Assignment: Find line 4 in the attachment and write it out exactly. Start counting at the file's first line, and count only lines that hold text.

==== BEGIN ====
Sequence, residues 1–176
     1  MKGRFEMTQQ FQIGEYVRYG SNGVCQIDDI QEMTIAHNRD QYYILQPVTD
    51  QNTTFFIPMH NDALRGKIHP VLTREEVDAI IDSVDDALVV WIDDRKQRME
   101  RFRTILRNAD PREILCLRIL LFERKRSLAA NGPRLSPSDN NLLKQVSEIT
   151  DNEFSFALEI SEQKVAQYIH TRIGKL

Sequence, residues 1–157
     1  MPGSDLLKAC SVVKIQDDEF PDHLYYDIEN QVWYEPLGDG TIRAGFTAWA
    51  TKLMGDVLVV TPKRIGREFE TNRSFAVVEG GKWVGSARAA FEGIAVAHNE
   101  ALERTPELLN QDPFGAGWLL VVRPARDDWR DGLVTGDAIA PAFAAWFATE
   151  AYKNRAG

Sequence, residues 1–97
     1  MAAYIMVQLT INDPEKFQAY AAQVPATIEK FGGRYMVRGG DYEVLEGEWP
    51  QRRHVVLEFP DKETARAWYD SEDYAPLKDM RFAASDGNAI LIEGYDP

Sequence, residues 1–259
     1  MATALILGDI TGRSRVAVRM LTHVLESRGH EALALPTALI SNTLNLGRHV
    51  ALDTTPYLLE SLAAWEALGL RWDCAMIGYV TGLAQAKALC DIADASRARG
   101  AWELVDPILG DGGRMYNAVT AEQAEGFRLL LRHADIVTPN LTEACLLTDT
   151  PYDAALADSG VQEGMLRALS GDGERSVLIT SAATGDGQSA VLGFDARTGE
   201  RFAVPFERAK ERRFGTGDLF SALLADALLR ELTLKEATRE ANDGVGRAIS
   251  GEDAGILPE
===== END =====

   101  RFRTILRNAD PREILCLRIL LFERKRSLAA NGPRLSPSDN NLLKQVSEIT